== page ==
5. Rajon Rondo can take the team to new heights (except against LA)
He was fantastic against the Heat. Rondo willed us the game, said Doc Rivers. And he was right. Rondo threw the team on the back even if they werent entirely interested in a ride. Whether it was the triple-double, his defense on LeBron or that will Rondo was the difference. Same goes for last Sunday against Orlando, where he dominated in a different way, scoring a season-high 26 points, setting a season-high in free throws made and attempted. On that afternoon, for the first time in a long time, Rondo put the incessant over-passing on the backburner and just attacked. And the Celtics were better for it.

In a perfect world, the Celtics would get that every night, but its just not like that. Part of the reason is the beating he takes in the process. People joked about all the time Rondo spent on his backside during that Orlando game, but thats what happens when he attacks.

And if he did that every game, he wouldnt last.

Do you remember how worn down he was by the end of last season? The back and leg issues that plagued him against the Lakers? Thats what happens when Rondo gets too beat up. He knows he needs to save it for the post season. But against the Magic (and in spurts against the Heat), he showed us that when he wants to, he can still takeover. Rondos best two games of this stretch were Orlando and Miami, and not coincidentally, those were the two Boston won.

But as you saw (and I wrote), he still hasnt shown he can do it against the Lakers. He still hasnt found away to beat that defense. And ultimately, beating them might be the only thing that matters.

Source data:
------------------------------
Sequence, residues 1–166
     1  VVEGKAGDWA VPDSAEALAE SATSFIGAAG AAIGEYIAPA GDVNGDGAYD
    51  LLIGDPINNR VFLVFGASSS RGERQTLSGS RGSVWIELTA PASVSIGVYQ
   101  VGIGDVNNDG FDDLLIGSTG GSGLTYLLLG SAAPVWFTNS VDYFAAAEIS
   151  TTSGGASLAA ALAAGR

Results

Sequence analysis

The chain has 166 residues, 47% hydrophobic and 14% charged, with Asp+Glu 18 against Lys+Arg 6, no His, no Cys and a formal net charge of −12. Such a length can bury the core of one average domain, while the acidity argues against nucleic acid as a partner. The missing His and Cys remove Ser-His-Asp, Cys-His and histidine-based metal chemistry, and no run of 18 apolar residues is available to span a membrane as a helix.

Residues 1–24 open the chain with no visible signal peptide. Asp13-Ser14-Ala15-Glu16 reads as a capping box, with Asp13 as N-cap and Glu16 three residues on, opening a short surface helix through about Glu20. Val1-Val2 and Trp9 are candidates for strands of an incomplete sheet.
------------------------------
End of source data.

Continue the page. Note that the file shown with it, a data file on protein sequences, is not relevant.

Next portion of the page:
And with that, so ends the supposedly defining stretch of the Celtics regular season.

Could have been better. Could have been worse. We hoped that it would have provided more clarity, and put the C's on the fast track to April, but maybe that was asking too much. After all, there's still a lot of basketball to be played.

Even if the competition won't touch the last 10 days.

Rich Levine's column runs each Monday, Wednesday and Friday on CSNNE.com. Rich can be reached at rlevine@comcastsportsnet.com. Follow Rich on Twitter at http:twitter.comrlevine33

Julien: 'A lot of problematic things' in Bruins loss to Avalanche

Julien: 'A lot of problematic things' in Bruins loss to Avalanche

BOSTON – The Bruins simply weren’t ready to play on Thursday night when the puck was dropped against the Colorado Avalanche at TD Garden. 

They fell down quickly by a 2-0 score, had a couple of completely inept power plays in the first period that sucked all the game’s momentum away from them and received some subpar goaltending from Anton Khudobin on the way to a 4-2 loss to the lowly Avs. About the only B’s person above reproach in this one was David Pastrnak after scoring a pair of goals in the second period to get Boston back into the game, but it all fell short in a very frustrating, lackadaisical loss to a Western Conference team that isn’t very good. 

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Needless to say B’s coach Claude Julien wasn’t too happy after a loss where the Bruins might have had more success with a smarter approach to holding the puck.